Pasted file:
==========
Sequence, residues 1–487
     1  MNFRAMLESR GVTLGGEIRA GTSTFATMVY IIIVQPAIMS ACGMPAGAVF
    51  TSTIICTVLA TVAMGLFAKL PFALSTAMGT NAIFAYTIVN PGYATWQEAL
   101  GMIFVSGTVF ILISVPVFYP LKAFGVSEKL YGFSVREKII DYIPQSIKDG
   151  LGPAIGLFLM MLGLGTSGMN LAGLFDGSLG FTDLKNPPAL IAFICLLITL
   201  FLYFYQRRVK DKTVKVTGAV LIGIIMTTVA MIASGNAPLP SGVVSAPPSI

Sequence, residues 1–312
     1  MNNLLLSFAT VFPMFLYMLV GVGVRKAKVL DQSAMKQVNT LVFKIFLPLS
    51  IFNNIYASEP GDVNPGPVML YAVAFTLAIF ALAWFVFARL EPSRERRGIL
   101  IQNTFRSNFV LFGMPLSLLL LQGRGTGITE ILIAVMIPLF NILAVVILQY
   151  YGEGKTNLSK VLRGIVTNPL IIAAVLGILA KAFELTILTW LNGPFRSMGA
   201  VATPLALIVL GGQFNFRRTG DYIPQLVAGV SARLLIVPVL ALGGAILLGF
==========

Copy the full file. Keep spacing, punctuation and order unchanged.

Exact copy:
Sequence, residues 1–487
     1  MNFRAMLESR GVTLGGEIRA GTSTFATMVY IIIVQPAIMS ACGMPAGAVF
    51  TSTIICTVLA TVAMGLFAKL PFALSTAMGT NAIFAYTIVN PGYATWQEAL
   101  GMIFVSGTVF ILISVPVFYP LKAFGVSEKL YGFSVREKII DYIPQSIKDG
   151  LGPAIGLFLM MLGLGTSGMN LAGLFDGSLG FTDLKNPPAL IAFICLLITL
   201  FLYFYQRRVK DKTVKVTGAV LIGIIMTTVA MIASGNAPLP SGVVSAPPSI

Sequence, residues 1–312
     1  MNNLLLSFAT VFPMFLYMLV GVGVRKAKVL DQSAMKQVNT LVFKIFLPLS
    51  IFNNIYASEP GDVNPGPVML YAVAFTLAIF ALAWFVFARL EPSRERRGIL
   101  IQNTFRSNFV LFGMPLSLLL LQGRGTGITE ILIAVMIPLF NILAVVILQY
   151  YGEGKTNLSK VLRGIVTNPL IIAAVLGILA KAFELTILTW LNGPFRSMGA
   201  VATPLALIVL GGQFNFRRTG DYIPQLVAGV SARLLIVPVL ALGGAILLGF